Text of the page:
The Rival by Sylvia Plath (Poem#16)

The Rival

by Sylvia Plath

If the moon smiled, she would resemble you.
You leave the same impression
Of something beautiful, but annihilating
Both of you are great light borrowers.
Her O-mouth grieves at the world, yours is unaffected

And your first gift is making stone out of everything.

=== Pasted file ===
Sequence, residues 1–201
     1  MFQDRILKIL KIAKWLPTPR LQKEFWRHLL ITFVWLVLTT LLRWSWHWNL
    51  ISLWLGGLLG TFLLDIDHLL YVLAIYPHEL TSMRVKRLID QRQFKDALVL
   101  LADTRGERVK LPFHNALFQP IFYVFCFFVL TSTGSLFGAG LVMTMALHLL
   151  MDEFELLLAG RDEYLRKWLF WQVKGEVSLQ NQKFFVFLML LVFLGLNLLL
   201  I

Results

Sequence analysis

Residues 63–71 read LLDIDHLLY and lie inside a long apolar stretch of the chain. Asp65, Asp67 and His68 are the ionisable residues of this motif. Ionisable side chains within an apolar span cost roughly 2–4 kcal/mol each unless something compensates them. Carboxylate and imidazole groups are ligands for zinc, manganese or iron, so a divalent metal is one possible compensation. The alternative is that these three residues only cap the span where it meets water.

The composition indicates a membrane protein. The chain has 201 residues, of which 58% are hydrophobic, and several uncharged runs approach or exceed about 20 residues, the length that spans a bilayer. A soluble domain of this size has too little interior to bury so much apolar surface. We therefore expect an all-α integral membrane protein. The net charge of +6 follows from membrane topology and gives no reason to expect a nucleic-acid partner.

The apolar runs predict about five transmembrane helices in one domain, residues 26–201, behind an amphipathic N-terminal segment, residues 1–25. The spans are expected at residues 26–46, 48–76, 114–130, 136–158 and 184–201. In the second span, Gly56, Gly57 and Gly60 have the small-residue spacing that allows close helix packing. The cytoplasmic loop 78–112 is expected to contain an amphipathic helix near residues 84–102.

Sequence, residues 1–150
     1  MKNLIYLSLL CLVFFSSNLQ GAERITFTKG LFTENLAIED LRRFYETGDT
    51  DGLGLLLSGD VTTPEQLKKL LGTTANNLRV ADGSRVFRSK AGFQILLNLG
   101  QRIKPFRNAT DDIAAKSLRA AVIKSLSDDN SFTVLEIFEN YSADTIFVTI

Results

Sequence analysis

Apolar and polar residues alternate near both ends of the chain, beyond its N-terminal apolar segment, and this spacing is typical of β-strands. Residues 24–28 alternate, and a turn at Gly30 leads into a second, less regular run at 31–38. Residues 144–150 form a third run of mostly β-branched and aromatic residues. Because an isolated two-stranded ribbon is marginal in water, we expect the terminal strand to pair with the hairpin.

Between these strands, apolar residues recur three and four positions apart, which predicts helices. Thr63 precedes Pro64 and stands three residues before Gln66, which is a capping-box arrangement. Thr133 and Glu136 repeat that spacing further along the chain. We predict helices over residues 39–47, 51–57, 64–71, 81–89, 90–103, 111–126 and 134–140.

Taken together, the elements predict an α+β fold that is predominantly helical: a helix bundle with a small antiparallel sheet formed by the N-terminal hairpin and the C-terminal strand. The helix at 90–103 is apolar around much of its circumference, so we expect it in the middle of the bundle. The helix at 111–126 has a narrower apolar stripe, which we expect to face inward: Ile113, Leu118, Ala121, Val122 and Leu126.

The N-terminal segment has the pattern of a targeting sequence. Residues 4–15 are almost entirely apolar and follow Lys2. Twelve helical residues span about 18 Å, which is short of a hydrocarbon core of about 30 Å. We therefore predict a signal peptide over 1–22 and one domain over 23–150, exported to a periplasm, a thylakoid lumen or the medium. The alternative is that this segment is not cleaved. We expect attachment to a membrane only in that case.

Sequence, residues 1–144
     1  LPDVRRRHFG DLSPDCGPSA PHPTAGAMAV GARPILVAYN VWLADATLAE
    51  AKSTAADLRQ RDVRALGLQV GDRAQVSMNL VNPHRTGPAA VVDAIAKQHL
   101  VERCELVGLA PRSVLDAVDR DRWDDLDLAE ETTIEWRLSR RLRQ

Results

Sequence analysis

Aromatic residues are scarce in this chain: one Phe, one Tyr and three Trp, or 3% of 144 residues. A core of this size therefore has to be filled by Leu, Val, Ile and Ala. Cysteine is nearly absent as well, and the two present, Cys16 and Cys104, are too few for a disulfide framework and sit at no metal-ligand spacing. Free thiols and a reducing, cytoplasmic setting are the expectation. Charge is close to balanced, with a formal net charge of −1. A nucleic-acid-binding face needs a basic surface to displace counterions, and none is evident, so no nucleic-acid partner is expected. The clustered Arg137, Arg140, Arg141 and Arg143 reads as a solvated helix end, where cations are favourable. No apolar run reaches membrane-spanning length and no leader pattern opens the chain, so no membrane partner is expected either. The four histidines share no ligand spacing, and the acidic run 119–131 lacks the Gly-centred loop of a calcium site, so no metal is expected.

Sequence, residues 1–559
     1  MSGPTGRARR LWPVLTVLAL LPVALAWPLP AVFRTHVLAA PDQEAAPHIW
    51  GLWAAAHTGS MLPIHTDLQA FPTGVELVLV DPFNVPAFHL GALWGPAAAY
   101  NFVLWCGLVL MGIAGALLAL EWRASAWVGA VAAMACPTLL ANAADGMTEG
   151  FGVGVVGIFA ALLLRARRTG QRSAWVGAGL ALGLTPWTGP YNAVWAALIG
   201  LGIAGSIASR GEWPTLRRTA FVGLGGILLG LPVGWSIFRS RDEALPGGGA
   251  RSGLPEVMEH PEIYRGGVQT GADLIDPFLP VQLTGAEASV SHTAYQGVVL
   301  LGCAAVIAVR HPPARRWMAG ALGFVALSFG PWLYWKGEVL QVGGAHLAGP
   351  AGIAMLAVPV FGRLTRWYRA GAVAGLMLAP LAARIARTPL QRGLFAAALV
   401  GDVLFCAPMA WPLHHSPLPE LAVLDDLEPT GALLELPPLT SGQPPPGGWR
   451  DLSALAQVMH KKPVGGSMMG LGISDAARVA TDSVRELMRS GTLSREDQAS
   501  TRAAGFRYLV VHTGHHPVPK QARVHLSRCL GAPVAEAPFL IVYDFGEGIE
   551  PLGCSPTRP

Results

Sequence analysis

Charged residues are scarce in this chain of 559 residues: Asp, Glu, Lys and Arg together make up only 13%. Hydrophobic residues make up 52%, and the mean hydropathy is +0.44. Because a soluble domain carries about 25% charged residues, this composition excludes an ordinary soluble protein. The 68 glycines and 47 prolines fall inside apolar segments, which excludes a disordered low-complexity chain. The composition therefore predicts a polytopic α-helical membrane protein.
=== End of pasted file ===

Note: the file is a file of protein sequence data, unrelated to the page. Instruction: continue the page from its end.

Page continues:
I wake to a mausoleum, you are here,
Ticking your fingers on the marble table, looking for
cigarettes.
Spiteful as a woman, but not so nervous,
And dying to say something unanswerable.

The moon, too, abases her subjects,
But in the daytime she is ridiculous.
Your dissatisfactions, on the other hand,
Arrive through the maillot with loving regularity,
White and blank, expansive as carbon monoxide.

No day is safe from news of you,
Walking about in Africa maybe, but thinking of me.

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